John Goodman, Alan Arkin, and Ben Affleck
give thanks in Argo.
(Warner Bros. Pictures)

Once the food is eaten and the tryptophan wears off, Thanksgiving guests will almost certainly be looking for something to do.  The first source for entertainment is often the movies, where family fun may be had without much interaction.  Sadly, there’s no great offering this year that appeals to most ages, the way a Pixar film or last year’s The Muppets magically can.  Additionally, Silver Linings Playbook, whose dysfunctional family will be playing to others just like it in the nation’s larger markets, will sadly not be opening locally for Thanksgiving as originally planned.

Despite no unifying title, the holiday offerings are nonetheless thankfully diverse.  Looking around your table at the feast, there might just be something for everyone…

  • For the grandfather who’s still angry about the election: Argo

Grandpa may be muttering his political disgust between bites, but Ben Affleck’s Iranian hostage thriller should make him feel a little better about his country.

The nuttiness of the family’s unfortunate little secret is no match for Leos Carax’s imagination.  Whoever has the honor of accompanying her to the Fine Arts Theatre will have the added bonus of realizing that she’s normal by comparison.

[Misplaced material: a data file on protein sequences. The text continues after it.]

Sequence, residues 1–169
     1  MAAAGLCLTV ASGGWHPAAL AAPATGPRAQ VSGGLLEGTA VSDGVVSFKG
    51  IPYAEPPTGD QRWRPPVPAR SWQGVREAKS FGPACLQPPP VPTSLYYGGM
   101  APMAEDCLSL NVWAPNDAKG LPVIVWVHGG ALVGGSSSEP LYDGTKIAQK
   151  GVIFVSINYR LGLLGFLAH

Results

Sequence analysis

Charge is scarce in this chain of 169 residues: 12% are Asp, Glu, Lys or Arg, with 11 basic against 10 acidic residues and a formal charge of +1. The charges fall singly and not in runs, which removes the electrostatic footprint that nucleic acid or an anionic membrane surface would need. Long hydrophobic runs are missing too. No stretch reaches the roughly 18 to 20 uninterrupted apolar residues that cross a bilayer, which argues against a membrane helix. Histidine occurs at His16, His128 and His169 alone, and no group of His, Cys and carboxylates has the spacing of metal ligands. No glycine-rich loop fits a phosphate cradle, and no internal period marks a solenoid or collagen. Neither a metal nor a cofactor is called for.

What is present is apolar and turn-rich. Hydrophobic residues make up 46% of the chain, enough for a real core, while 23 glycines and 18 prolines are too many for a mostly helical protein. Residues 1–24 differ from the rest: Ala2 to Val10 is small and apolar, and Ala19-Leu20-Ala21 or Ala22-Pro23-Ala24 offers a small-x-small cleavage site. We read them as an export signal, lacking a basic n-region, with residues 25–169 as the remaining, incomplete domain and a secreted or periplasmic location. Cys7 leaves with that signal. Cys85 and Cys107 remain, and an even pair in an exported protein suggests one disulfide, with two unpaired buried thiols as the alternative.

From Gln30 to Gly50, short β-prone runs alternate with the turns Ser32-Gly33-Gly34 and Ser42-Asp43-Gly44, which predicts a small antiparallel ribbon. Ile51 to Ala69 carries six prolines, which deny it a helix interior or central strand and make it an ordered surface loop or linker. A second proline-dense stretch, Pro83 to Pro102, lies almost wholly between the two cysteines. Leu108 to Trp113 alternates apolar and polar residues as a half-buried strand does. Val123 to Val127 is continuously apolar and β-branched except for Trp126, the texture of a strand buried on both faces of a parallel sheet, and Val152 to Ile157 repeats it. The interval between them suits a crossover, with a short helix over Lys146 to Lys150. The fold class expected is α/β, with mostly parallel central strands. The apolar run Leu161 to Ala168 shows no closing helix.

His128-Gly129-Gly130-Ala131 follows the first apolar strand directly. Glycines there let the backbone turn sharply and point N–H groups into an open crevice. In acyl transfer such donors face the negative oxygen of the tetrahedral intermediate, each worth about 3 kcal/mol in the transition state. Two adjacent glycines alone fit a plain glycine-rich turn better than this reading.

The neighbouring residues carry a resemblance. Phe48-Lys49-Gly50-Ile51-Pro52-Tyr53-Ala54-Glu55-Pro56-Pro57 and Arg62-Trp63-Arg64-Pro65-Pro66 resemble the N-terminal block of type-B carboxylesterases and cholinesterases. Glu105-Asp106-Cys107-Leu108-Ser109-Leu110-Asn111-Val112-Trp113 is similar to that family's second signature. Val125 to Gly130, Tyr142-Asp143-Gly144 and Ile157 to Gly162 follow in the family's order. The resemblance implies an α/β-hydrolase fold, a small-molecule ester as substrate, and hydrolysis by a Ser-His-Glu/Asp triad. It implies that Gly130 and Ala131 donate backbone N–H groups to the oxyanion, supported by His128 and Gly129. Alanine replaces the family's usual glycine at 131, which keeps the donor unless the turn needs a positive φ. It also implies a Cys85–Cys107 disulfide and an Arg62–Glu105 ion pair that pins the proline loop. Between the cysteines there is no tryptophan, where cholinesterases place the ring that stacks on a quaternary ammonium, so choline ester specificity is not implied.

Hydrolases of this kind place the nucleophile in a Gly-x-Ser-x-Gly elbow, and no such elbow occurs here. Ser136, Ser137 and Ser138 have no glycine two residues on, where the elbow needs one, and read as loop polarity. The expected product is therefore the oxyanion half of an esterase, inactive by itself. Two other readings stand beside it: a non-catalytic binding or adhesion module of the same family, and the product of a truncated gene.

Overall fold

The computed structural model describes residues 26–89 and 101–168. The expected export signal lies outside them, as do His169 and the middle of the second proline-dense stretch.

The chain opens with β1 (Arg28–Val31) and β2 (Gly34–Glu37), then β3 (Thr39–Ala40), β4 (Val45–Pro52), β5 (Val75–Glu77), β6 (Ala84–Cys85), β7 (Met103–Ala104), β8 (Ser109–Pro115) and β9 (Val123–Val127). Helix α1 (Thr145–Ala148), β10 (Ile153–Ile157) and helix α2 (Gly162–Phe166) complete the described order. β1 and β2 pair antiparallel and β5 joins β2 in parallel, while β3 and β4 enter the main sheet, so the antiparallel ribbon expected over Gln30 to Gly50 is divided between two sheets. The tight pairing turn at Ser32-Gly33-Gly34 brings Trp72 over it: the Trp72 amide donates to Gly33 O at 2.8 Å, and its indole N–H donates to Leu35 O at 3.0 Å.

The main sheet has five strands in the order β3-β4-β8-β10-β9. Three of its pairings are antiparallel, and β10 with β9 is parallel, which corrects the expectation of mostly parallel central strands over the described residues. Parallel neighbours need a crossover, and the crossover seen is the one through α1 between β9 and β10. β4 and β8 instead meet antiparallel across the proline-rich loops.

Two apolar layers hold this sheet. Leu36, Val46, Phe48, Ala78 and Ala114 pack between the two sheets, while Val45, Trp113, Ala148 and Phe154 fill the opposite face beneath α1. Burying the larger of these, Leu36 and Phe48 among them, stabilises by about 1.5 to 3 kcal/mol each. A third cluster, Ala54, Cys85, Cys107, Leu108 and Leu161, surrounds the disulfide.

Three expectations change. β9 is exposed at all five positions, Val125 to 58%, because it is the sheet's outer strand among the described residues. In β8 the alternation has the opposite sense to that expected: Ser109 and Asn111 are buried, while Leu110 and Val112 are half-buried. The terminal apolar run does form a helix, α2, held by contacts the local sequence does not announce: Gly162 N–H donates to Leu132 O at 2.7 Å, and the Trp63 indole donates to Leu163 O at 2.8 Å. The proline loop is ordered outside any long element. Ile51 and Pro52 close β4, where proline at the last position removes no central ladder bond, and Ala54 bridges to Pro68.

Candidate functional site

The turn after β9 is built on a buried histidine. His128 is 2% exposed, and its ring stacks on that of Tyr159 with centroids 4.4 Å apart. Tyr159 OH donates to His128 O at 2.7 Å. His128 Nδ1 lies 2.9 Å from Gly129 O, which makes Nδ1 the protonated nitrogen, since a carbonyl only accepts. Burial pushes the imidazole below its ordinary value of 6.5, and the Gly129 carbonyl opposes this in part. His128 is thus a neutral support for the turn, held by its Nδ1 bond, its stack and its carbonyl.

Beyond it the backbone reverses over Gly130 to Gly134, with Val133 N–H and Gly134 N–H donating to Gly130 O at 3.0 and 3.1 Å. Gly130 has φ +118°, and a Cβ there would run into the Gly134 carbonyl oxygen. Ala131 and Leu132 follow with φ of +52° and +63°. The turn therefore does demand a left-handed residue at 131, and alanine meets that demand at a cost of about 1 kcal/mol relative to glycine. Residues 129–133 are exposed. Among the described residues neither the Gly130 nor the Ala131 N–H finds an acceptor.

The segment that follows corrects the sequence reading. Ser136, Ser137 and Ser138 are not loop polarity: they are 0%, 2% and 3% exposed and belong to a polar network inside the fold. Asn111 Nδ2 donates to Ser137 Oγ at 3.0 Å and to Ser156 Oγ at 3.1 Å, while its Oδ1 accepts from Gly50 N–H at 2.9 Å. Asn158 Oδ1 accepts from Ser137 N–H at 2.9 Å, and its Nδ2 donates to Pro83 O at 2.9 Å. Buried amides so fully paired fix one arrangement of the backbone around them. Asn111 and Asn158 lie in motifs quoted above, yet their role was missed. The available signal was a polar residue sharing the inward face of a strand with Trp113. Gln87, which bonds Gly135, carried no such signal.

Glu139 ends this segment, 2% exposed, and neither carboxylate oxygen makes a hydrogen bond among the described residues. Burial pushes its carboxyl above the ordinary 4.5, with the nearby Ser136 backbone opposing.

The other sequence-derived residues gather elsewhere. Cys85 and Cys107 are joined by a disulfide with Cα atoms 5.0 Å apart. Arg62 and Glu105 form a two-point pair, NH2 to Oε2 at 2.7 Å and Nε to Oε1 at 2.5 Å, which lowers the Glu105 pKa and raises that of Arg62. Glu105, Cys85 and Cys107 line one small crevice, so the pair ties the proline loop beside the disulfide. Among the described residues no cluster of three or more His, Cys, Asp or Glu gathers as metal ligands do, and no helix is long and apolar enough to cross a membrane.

Yeah, she’s read David Mitchell’s source material novel.  And yeah, she says it’s “unfilmable.”  Three hours later, she’ll be in a state of cinematic bliss.

Disney’s latest animated effort isn’t spectacular, but its arcade joys will get the youngsters to sit still and focus on something for more than five minutes.  Spring for 3D where available (hint hint) for further engagement.  The post-screening family discussions about Q*bert will be worth the extra couple of bucks.

  • For dad, who was honest about how many platefuls he ate: Lincoln

The paterfamilias may not admit it, but he’s fascinated by the political process.  The dialogue by revered playwright Tony Kushner brings 1865’s national issues to stunning life and a fine ensemble, led by Daniel Day-Lewis as ol’ Abe, does his work justice.  Pop might be so taken by the drama that he won’t mind Steven Spielberg’s low-key filmmaking.  Just beware the folksy Midwestern moralizing that may follow him home.

  • For mom, to unwind after all the cooking: Skyfall

Nobody loves James Bond more than moms and nobody will be in more need of a breather after the big meal.  The latest 007 installment is one of the franchise’s’ best, full of eye candy, big action, and solid performances.  Sam Mendes’ film is escapism at its finest, the perfect reward for hard culinary work.

Consult the showtimes at the Fine Arts, Carolina, Epic, Biltmore Grande, Carmike, or Beaucatcher and enjoy.  The post-screening family chat with leftovers is optional.  The joint viewing of A Christmas Story, however,  is not.

Ready for the annual dose of Ralphie?
(Warner Home Video)
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3 Comments

  1. Agreed. Or, at the very least, a promise of A Christmas Story on the big screen…

  2. Wish Moorise Kingdom was still at the Brew & View.

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